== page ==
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Money Back Guarantee

Desperate times call for desperate measures; a gang of multi-ethnic men and a woman make a plan to rob “Pak Bank” to get back the money looted by corrupt leaders. The subject of Money Back Guarantee (MBG) is socially relevant and strikes a chord with every Pakistani. Pakistan is a democratic state, but do the people here have any power? Money Back Guarantee is a witty, ironic, and borderline absurd answer to this aforementioned question.

Although Pakistani dramas and comedians have fervently explored the murky waters of politics, local filmmakers have not used satire to highlight the political climate, at least in the recent past. As a forerunner, director and writer Faisal Qureshi is a perfect fit for the genre, as he is well known for his comedic punches in hit sitcoms and commercials. Not surprisingly, then, the film is a humorous interpretation of political and sociological issues.

MBG introduces us to multiple characters; each signifying a province, a community, or an ethnicity that is suffering from the flawed workings of our system. Nawaz Sindhi (Gohar Rasheed), Munda Punjabi (Marhoom Ahmad Bilal), Sanam Baloch (Kiran Malik), Irfan Pathan (Mikaal Zulfiqar), Ilyas Kashmiri (Shayan Khan), Gaffar Ali Muhajir aka GA Muhajir (Mani), and Christian Bail (Jan Rambo) are the principal characters, here used as metaphors to highlight the prejudice, discrimination and power abuse wreaked upon their respective communities.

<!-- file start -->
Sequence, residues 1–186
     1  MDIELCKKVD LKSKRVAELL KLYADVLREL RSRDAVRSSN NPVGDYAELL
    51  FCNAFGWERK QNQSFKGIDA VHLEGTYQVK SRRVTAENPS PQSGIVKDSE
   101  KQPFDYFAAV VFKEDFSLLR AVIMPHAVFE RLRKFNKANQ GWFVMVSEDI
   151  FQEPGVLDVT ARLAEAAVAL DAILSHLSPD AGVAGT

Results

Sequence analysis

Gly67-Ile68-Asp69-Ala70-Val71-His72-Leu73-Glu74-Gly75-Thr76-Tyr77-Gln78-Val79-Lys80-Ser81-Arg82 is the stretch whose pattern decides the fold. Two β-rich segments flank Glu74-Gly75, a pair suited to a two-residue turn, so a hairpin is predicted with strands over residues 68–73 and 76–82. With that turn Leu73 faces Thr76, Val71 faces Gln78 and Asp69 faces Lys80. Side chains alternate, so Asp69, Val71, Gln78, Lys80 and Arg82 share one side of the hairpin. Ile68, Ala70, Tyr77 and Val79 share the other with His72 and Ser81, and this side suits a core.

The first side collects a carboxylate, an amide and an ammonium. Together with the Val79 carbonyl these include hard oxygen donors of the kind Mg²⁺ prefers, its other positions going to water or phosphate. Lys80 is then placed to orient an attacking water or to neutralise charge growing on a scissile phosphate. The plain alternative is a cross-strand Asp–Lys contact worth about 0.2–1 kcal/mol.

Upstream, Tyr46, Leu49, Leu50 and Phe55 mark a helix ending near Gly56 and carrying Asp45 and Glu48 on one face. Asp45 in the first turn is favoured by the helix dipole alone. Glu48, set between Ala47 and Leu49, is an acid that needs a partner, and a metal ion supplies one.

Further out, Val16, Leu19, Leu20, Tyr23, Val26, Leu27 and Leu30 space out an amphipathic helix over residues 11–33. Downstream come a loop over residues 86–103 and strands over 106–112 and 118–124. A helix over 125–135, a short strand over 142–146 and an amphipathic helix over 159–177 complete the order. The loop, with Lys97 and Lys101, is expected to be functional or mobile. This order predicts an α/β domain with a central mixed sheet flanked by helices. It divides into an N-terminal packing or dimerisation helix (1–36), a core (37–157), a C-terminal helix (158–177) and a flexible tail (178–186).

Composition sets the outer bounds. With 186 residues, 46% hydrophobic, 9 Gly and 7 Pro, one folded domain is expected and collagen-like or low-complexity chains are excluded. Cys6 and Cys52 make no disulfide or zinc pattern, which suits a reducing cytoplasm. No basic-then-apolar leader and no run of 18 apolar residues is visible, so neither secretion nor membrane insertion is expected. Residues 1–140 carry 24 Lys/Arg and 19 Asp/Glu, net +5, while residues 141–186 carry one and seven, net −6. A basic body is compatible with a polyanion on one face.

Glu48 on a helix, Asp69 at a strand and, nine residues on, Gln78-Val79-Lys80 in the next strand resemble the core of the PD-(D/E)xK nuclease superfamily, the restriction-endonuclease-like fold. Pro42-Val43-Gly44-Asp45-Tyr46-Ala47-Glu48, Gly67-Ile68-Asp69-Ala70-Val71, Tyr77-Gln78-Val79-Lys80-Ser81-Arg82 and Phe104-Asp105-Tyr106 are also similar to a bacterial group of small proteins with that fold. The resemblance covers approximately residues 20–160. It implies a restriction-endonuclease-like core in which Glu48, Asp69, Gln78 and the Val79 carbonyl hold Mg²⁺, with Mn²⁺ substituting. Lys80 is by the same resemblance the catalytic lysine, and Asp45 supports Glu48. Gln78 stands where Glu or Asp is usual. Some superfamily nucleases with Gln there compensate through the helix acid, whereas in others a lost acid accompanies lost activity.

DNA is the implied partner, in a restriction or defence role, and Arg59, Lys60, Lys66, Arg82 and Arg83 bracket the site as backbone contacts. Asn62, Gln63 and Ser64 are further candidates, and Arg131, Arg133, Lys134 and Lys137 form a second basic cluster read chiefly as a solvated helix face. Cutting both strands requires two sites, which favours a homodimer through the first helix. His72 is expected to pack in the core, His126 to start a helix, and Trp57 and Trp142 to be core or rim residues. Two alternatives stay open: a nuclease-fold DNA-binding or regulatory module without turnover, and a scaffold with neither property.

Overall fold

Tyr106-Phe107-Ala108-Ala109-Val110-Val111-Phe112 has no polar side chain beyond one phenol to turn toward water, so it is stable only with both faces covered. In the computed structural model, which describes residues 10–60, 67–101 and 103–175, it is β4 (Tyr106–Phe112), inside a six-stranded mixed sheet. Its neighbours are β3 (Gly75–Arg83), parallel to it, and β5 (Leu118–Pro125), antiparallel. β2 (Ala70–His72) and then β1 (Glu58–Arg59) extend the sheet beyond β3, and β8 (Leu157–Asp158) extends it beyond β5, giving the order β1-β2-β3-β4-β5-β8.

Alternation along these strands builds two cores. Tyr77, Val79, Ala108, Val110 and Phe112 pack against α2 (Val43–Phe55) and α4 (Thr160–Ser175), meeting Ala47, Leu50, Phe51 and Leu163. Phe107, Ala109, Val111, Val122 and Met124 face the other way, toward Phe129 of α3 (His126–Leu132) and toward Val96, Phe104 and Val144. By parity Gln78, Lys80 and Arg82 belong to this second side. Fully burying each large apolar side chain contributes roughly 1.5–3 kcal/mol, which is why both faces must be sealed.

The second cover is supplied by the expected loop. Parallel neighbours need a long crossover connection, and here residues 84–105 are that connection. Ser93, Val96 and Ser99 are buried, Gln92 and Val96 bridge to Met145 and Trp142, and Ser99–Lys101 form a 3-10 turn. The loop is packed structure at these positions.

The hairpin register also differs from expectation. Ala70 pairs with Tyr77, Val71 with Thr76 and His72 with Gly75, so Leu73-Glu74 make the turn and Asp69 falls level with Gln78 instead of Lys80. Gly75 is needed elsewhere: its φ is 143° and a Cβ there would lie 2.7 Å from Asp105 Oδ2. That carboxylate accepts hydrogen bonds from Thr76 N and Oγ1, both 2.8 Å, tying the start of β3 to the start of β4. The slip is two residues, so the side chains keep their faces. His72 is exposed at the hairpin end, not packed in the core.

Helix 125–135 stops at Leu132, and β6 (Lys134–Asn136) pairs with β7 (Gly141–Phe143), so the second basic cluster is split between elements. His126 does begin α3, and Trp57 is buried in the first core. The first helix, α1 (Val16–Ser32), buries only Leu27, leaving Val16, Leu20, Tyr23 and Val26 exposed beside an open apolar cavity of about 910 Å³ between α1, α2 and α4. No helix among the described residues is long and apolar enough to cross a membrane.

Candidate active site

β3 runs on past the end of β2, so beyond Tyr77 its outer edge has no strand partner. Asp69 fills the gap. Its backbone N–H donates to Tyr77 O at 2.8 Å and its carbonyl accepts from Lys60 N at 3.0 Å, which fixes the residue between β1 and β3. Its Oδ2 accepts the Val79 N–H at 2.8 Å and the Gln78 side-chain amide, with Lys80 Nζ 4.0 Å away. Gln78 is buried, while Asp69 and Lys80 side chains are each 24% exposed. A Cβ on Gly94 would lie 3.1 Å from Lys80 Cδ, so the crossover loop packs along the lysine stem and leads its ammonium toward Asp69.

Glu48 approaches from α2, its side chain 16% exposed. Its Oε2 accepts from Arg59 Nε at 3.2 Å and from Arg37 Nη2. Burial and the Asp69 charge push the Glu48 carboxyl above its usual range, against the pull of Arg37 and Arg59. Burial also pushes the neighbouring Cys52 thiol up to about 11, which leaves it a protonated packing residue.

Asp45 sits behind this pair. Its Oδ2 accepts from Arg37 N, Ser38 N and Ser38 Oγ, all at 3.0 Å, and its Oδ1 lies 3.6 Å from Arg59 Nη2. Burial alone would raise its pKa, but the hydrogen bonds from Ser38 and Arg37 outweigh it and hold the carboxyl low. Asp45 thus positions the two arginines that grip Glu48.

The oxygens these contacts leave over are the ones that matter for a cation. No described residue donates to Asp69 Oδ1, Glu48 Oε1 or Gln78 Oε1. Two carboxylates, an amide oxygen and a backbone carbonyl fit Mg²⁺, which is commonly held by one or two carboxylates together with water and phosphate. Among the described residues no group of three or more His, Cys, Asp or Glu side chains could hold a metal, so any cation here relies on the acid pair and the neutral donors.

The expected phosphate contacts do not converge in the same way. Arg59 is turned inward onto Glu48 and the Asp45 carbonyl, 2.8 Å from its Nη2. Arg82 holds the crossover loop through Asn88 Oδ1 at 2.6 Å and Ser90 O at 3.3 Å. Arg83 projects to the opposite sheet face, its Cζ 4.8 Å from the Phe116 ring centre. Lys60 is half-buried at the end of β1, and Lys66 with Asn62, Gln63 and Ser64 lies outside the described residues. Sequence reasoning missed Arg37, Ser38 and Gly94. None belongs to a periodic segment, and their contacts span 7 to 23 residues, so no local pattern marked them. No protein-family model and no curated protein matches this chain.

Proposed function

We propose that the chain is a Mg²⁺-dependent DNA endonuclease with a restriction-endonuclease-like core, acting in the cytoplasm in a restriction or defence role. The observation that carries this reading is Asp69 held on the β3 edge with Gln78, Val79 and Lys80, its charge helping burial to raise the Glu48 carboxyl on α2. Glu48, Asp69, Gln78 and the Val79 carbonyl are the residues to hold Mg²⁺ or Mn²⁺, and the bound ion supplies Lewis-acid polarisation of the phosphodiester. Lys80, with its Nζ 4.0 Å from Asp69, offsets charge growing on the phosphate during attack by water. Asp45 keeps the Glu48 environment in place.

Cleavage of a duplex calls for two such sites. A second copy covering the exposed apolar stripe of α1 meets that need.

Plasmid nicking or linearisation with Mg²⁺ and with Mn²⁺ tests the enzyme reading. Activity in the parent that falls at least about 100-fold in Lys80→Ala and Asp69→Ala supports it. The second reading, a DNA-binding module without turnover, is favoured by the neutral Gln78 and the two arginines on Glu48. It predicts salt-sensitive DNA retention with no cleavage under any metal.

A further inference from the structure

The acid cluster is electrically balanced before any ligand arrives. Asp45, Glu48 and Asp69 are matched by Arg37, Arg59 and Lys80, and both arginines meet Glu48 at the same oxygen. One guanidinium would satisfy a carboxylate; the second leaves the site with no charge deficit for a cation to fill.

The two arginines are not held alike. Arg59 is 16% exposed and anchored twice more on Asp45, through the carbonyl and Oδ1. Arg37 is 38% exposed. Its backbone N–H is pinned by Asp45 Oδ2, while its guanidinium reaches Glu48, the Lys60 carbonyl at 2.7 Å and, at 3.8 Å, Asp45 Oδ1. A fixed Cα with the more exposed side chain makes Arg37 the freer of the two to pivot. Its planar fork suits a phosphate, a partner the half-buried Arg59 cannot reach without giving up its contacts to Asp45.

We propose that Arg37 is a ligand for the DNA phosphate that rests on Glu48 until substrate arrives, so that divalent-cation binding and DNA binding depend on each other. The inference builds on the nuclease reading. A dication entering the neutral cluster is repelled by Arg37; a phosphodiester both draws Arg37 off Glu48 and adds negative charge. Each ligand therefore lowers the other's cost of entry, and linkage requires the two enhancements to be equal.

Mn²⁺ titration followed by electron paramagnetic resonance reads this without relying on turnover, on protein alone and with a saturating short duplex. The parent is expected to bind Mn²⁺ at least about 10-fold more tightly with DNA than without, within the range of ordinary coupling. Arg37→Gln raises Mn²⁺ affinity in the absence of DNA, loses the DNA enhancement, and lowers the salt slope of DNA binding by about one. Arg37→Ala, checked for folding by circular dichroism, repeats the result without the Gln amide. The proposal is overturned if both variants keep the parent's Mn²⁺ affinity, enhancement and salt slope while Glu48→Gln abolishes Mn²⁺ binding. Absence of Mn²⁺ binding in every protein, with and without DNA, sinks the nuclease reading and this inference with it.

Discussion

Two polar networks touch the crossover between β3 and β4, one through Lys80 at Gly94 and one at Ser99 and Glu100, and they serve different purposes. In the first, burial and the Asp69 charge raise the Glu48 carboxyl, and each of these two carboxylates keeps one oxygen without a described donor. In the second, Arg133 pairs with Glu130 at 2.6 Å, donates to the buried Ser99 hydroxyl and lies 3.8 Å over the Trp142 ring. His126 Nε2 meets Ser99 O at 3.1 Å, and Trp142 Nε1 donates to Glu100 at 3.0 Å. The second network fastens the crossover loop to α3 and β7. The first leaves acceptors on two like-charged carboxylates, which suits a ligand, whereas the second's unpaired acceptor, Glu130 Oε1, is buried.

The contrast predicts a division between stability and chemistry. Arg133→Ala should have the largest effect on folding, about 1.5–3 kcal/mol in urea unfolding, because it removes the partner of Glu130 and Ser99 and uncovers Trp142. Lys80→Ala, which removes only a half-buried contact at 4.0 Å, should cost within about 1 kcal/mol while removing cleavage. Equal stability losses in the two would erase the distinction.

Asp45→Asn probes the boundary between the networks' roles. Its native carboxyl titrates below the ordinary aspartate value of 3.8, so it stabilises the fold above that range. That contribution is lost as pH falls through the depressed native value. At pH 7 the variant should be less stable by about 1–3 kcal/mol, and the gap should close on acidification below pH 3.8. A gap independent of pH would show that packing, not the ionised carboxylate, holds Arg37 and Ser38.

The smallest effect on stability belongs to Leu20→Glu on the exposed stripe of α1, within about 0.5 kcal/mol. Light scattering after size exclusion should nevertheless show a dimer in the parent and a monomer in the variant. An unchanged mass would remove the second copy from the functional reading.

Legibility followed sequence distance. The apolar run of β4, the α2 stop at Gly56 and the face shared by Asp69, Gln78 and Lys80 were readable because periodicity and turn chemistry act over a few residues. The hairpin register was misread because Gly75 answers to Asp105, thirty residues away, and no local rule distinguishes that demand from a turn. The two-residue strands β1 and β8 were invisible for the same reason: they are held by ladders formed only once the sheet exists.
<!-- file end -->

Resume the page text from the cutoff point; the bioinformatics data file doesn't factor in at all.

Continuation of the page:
Money Back Guarantee

The intention of the film is pure. Faisal highlights the transgressions of everyone, from corrupt politicians and cops to bureaucracy, the deep state, and foreign elements, and from biassed media policies, power-hungry administrators, rigged elections, money laundering, and unethical practises of the common man. The film intelligently throws allegories at the quick-minded, and the colloquialisms are carefully crafted for the Pakistani audience. Except for Mr. Trump, no situation or personification is blatantly in your face.

Writer and director Faisal Qureshi has several monotonous cameos in the film which add no value